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Cherokee Nation leader says Jeep model ‘does not honor us’

The leader of Oklahoma’s Cherokee Nation wants Jeep to stop using the tribe’s name on its SUVs.

Chuck Hoskin Jr., principal chief of the Cherokee Nation expressed the viewpoint for the first time after Car and Driver magazine inquired whether or not the branding was appropriate in the context of the nationwide rethinking of racial and social justice issues.

“I’m sure this comes from a place that is well-intended, but it does not honor us by having our name plastered on the side of a car,” Hoskin told the magazine.

Jeep has been using the Cherokee name for nearly five decades, despite having no ties to the tribe and not consulting it on in connection with the rollout of the eponymous vehicle model, according to the report.

The Grand Cherokee SUV is its top selling model. The smaller Cherokee was its third best selling domestic model last year.

The 2019 Jeep Cherokee SUV at the 2018 North American International Auto Show in Detroit, Michigan on January 16, 2018.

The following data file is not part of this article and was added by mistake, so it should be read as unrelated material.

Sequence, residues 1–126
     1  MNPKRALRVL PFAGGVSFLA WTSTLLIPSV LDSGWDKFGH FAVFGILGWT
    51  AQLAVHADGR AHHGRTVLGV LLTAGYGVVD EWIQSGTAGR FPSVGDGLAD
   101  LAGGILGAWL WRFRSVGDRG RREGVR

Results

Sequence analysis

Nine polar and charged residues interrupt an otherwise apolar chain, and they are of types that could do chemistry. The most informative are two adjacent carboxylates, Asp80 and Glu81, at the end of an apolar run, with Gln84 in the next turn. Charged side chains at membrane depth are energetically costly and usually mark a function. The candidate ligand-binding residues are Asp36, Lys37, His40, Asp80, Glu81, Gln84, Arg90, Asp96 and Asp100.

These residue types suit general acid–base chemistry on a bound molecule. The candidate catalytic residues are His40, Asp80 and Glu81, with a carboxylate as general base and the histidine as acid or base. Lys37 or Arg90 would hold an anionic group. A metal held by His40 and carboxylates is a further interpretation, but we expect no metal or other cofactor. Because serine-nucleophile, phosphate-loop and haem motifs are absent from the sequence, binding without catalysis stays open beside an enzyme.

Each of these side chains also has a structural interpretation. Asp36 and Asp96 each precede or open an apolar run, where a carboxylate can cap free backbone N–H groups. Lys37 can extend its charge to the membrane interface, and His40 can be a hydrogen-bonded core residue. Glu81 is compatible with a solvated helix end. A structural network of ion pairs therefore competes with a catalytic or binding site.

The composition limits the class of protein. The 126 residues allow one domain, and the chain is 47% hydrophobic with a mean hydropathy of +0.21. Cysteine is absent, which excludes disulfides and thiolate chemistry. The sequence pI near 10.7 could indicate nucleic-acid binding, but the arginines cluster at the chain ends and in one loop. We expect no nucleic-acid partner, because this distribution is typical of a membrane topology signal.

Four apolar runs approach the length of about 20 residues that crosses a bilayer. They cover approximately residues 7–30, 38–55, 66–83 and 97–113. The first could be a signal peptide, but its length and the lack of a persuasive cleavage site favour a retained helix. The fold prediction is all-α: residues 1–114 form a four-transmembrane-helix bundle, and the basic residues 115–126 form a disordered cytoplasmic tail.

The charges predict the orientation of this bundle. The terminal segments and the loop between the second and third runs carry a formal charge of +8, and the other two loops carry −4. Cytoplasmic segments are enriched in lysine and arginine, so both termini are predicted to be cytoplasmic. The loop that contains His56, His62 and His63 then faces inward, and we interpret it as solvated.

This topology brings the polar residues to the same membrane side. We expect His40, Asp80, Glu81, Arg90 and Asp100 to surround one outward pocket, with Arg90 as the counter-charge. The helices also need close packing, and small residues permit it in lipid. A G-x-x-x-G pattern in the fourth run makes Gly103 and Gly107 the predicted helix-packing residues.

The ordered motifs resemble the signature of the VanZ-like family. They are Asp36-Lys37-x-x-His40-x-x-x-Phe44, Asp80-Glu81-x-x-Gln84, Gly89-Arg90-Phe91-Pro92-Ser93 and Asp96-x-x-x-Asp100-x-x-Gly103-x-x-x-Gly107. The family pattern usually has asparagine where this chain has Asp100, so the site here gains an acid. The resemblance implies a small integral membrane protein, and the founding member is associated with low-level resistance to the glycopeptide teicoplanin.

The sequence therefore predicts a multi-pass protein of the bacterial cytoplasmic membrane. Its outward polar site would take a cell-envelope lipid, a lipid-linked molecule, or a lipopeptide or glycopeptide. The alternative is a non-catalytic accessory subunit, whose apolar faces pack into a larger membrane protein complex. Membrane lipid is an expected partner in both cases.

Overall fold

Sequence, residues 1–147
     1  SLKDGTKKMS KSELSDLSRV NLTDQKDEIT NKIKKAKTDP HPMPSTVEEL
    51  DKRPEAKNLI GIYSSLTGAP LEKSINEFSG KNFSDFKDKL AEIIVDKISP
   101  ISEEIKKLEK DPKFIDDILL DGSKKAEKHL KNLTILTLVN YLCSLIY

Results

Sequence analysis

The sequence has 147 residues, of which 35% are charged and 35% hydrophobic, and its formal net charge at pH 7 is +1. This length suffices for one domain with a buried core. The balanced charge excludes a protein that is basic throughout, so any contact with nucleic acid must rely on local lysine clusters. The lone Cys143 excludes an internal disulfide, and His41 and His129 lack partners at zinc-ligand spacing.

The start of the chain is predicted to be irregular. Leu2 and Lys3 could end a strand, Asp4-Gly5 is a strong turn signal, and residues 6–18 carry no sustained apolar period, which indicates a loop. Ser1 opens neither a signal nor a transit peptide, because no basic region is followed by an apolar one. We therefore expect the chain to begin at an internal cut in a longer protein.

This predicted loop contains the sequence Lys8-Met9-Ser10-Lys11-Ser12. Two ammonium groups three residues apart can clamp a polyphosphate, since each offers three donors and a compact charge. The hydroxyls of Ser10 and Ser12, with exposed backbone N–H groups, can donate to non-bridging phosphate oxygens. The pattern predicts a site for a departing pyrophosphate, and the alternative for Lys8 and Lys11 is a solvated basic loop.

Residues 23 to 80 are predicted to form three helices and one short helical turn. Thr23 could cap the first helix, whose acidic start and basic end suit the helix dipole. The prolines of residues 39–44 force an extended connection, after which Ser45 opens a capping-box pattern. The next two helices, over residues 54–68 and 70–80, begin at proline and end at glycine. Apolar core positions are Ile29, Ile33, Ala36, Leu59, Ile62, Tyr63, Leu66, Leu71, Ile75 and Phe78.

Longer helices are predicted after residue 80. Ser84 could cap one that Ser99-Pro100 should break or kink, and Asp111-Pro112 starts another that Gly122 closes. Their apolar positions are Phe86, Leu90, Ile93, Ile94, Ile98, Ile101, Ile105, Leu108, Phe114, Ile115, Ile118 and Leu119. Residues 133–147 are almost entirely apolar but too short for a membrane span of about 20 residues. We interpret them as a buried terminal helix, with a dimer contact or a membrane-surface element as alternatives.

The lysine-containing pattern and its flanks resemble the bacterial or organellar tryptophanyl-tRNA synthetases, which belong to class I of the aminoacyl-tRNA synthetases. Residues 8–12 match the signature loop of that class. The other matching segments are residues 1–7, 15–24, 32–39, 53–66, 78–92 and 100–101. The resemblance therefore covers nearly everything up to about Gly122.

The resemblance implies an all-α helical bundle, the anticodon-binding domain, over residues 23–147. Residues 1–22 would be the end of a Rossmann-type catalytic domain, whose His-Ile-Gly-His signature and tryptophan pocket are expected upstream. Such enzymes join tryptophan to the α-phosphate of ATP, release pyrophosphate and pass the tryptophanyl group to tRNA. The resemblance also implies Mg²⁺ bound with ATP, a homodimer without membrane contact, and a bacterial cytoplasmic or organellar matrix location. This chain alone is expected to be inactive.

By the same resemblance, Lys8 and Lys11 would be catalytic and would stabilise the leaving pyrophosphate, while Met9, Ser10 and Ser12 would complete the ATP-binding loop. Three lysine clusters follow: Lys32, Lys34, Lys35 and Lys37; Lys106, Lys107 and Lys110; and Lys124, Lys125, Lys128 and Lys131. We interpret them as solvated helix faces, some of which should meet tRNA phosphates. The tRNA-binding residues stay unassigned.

The 2019 Jeep Cherokee SUV at the 2018 North American International Auto Show in Detroit, Michigan on January 16, 2018.
Erik S Lesser/EPA-EFE/Shutterstock

Jeep also sells a Gladiator Mojave truck. The Fort Mojave Reservation spans three southwestern states, and has no ties to the company.

“The best way to honor us is to learn about our sovereign government, our role in this country, our history, culture, and language and have meaningful dialogue with federally recognized tribes on cultural appropriateness,” the chief wrote to the magazine.

The statement comes after a year that saw Cleveland’s big league baseball team and Washington DC’s pro football team move to drop their team names over accusations of racial insensitivity and pressure from major sponsors.

“I think we’re in a day and age in this country where it’s time for both corporations and team sports to retire the use of Native American names, images and mascots from their products, team jerseys and sports in general,” Hoskin told Car and Driver.

A Jeep Grand Cherokee at the New York International Auto show on March 27, 2013.
A Jeep Grand Cherokee at the New York International Auto show on March 27, 2013.
AFP via Getty Images

Jeep responded by claiming its SUVs honor the Cherokee Nation.

“Our vehicle names have been carefully chosen and nurtured over the years to honor and celebrate Native American people for their nobility, prowess, and pride,” Jeep wrote to the magazine.

“We are, more than ever, committed to a respectful and open dialogue with Cherokee Nation Principal Chief Chuck Hoskin, Jr.,” the statement continued.


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